An Andragogical Process Model for Learning
The andragogical model is a process model, in contrast to the content models employed by most traditional educators. The difference is this: In traditional education the teacher (or trainer or curriculum committee or somebody) decides in advance what knowledge or skill needs to be transmitted, arranges this body of content into logical units, selects the most efficient means for transmitting this content (lectures, readings, laboratory exercises, films, tapes, etc.), and then develops a plan for presenting these content units in some sort of sequence. This is a content model (or design). The andragogical teacher (facilitator, consultant, change agent) prepares in advance a set of procedures for involving the learners (and other relevant parties) in a process involving these elements: (1) preparing the learner; (2) establishing a climate conducive to learning; (3) creating a mechanism for mutual planning; (4) diagnosing the needs for learning; (5) formulating program objectives (which is content) that will satisfy these needs; (6) designing a pattern of learning experiences; (7) conducting these learning experiences with suitable techniques and materials; and (8) evaluating the learning outcomes and rediagnosing learning needs. This is a process model. The difference is not that one deals with content and the other does not; the difference is that the content model is concerned with transmitting information and skills, whereas the process model is concerned with providing procedures and resources for helping learners acquire information and skills. A comparison of these two models and their underlying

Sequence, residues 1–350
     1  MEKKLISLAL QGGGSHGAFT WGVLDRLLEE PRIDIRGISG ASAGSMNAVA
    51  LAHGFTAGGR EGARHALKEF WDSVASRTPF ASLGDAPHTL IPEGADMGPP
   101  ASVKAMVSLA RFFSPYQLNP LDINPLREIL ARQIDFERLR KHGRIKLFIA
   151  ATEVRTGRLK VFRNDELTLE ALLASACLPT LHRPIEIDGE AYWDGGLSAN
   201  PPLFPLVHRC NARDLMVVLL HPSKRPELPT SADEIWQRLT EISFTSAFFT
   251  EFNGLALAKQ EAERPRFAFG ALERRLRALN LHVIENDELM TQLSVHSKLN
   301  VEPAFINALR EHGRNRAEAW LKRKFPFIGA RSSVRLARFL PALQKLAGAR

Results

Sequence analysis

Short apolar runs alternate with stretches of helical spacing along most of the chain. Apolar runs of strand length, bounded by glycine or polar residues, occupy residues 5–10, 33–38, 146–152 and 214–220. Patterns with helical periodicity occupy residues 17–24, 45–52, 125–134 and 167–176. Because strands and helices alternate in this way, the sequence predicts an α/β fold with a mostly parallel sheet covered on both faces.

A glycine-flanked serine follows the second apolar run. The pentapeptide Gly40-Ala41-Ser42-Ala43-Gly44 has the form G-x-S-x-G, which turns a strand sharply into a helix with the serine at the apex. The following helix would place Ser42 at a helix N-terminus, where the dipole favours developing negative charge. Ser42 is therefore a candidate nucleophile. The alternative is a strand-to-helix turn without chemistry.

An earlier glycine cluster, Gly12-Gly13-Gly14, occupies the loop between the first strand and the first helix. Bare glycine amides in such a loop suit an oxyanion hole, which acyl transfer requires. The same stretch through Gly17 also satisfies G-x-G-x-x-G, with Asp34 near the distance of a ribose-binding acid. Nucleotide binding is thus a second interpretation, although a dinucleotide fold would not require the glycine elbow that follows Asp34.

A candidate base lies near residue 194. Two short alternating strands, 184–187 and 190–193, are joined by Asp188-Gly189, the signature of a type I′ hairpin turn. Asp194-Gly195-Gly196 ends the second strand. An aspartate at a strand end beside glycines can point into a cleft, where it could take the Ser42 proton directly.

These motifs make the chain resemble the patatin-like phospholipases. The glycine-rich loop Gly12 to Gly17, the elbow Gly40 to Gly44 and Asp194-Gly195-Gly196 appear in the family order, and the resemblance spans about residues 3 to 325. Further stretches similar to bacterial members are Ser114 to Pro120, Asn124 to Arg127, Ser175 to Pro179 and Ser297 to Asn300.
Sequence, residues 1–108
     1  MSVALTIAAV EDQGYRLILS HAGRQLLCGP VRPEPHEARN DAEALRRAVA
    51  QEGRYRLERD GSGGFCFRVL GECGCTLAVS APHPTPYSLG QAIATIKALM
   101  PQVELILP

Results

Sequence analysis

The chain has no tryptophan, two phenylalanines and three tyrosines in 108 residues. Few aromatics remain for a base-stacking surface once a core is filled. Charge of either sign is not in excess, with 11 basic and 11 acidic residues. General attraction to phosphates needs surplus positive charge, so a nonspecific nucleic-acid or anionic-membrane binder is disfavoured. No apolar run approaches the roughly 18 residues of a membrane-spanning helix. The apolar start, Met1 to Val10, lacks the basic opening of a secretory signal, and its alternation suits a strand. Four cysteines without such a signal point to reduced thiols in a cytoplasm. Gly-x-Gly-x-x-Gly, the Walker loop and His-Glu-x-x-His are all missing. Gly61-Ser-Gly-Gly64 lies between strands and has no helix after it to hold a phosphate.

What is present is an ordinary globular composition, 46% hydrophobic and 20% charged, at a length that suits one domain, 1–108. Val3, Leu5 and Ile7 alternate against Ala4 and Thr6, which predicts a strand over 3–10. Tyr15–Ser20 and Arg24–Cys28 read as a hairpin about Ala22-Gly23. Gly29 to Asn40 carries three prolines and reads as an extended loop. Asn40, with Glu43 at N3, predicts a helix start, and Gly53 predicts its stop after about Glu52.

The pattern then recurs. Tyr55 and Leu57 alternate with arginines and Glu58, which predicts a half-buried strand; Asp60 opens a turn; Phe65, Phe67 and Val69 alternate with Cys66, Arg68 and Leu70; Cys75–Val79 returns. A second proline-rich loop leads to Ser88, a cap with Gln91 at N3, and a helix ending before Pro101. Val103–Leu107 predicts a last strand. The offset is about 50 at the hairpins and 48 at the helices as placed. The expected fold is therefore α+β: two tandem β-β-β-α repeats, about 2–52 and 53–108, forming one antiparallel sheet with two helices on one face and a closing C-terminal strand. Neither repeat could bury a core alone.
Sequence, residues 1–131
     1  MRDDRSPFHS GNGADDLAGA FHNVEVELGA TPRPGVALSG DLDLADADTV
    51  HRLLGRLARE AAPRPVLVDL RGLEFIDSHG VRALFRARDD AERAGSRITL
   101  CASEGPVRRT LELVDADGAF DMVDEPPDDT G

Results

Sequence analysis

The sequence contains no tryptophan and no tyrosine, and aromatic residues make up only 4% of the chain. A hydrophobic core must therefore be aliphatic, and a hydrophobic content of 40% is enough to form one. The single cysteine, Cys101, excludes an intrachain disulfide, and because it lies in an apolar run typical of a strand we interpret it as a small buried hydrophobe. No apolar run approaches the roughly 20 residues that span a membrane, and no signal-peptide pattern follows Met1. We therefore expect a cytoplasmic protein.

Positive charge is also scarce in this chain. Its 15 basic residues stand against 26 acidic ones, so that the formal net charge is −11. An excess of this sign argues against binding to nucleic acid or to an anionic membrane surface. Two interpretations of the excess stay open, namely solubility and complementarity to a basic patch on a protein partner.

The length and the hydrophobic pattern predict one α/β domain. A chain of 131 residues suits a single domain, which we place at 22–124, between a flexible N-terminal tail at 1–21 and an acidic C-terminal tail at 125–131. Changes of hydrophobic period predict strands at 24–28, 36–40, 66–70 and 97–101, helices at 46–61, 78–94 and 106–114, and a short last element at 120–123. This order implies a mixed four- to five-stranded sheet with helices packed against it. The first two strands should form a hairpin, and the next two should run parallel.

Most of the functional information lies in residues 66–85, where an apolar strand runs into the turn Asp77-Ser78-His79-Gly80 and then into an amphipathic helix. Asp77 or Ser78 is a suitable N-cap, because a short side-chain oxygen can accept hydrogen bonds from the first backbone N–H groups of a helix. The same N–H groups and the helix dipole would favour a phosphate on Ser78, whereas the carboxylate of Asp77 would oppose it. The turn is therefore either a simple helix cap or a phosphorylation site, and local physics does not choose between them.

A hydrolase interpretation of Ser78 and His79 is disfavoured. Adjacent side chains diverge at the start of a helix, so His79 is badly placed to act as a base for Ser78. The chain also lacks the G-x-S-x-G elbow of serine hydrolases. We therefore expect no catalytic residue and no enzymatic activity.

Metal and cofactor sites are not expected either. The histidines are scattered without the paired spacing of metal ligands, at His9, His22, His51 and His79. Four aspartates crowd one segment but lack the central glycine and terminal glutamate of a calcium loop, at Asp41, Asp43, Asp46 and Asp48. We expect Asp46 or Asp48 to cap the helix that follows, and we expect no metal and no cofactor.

assumptions is presented in Table 6-1 in which the content model is conceived as being pedagogical and the process model as being andragogical.